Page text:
Knives.  Knives. The next hour and a half was a whirlwind of knife lore, education, and demonstration.  We learned that Cutco knives were the greatsest knives in the world.  We learned that the kitchen shears could cut through a penny.  We learned that the knives were special because they had the “full-tang, three rivet construction” that made them durable and easier to use than cheaper knives.  We watched as he used the famed “patented Double-D edge” to cut through a piece of rope.  It was amazing.  Amazing! It was like a Ronco commercial come to life.  (Remember those ads, the ones that showed knives doing the same thing the amazing Tim was doing?  Ronco, however, sold the famous “Ginzu” knives, famous the world over as the knives of ninja cooks.  Or something like that.)

After Tim finally wrapped up, we took a quick break and mingled with the our coworkers.  We discovered that the the one-armed man had the worst body odor we had ever smelled.  Out of the place that did not have an arm, he had the worst possible armpit odor.  It was horrifically bad.  But at least he seemed friendly.  Much better than the guy who was demonstrating his kickboxing ability and telling us this was going to be the sport of the future.  He swiftly performed a poorly-executed roundhouse and knocked a sales trophy off of the panelled walls.  The three of us looked at each other–warily.  But that money was still looking good.

Tim and the gang came back up to the strains of “I’ve Got the Power” and he kind of sang along with the section that went “It’s gettin’, it’s gettin’, it’s gettin’ kinda hectic.”  Then he threw a black marble at us.  And another and another and yelled out, “You earn these marbles and you’ll get rewards!  You sell enough, you’ll get these marbles!  Come on!  Don’t you want to earn these marbles?  Come on!”  He kept throwing marbles and suddenly the chairs went flying as adults went diving for black marbles.  The one-armed man and the kickboxer went to town on each other, grabbing at marbles.  Strangely enough, the kickboxer was losing.

We were right in the middle of the marble mayhem. We grabbed marbles, went crazy, and when were down on all fours we suddenly looked at each other in the face and went, “What just happened?”  But before we could question our sanity, Tim called us all back to our seats and promised even more rewards at the next training session.  We just had to spend some time getting our demo kits ready and went to do the paperwork.  We sat down with the girl who interviewed us, who showed us the kits.  The kits contained a full set of Cutco knives, each with the world-famous patented Double-D edge, full-tang, three rivet construction.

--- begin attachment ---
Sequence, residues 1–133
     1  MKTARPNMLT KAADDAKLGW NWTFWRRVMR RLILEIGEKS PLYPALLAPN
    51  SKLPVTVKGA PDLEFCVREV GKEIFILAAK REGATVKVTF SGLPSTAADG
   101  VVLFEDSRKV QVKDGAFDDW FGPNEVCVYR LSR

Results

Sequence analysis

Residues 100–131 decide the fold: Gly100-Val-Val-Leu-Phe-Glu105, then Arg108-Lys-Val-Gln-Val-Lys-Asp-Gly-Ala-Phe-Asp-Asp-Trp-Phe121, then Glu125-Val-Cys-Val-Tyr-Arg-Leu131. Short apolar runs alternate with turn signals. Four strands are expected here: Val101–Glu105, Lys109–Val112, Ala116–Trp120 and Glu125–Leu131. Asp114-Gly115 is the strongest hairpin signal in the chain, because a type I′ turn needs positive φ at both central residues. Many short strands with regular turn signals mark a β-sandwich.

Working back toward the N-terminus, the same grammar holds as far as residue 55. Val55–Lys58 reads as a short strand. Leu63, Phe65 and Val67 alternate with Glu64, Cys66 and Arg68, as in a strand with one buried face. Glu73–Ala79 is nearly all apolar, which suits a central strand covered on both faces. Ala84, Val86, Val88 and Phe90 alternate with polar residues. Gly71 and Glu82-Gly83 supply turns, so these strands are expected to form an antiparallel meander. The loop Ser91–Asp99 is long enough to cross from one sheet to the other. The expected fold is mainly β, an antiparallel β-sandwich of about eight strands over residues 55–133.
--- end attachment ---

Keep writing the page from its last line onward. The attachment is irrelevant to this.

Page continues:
“It will cost you $145 for each set,” she said. “So make sure you get that money to us by Monday.”

We looked at each other and wondered when they were going to let us know about that.  “Uhm…how much?”

“$145.  But the set is worth $1000, so it’s really a good deal for you.  You’ll need it to be able to do the demonstration.  And always use your script.”  She haded us the scripts, which we were to use when we made our appointments.  The appointments we were supposed to set up with the list we had filled out earlier in the day, a list of family members and friends, since, in their words, these would be ideal for us to practice on.

We took the sets.  We took the scripts.  Our pockets were full of marbles.  And success loomed.  We said goodbye to the one-armed man, the kickboxing champ, and the various other friends we had made.  We were on our way home to make appointments and get ready for the next training session on Monday.  The whole way home, my brother sat in the backseat.  He was acting strange.  He was kind of muttering to himself.  It sounded like he was saying, “I can’t do this.  I can’t do this.”

It got worse.  While I was on the phone with a close friend, asking if I could show her the knives–being careful to use the script, which included the immortal line, “You don’t have to buy anything!  I get paid just for showing it to you!”–my brother lay on the floor in the family room.  He was moaning now.  “I can’t do this.  I can’t do this.”  And then suddenly, I realized he was crying.  “I can’t do this…”

My friend and I looked at each other.  He was right.  There was no way we could do this.  Marbles.  One-armed men with horrific body odor.  Knives.  The patented Double-D edge with the full-tang, three rivet construction.  Kickboxing.  Stained carpet.  Grey offices.  Bad panelling.  We just couldn’t do it.  My brother insists he didn’t really cry, but we know.  We both know.  It was better to not work the rest of that summer than it would have been to go back to Vector.  We called them on Monday morning and said we’d be bringing the knives back.

We dropped them off, said goodbye, and hoped we would never see them again.  We didn’t.  I drove by their old office last week.  It’s gone.  Probably moved to some other office of ill-repute, full of hopeful college students and other insane people.  In my imagination, I can see them.  Diving for black marbles.  Arms–or lack of arms–flailing.  And the full-tang, three rivet construction of the patented Double-D edge slices through each marble like a grape.

And I smile.  I was young and foolish then.  Thank God I wasn’t too foolish.

Author’s note:  This has become a favorite family story over the years.  I have never written it down before, but was prompted to after one of my former students interviewed with them recently.  I hope her experience was better than mine.


  1. Is this story real? I worked for Vector while finishing up my Bachelor’s Degree in business admin. Enjoyed the company and made great money for the hours I worked. Should have kept with it a lil longer.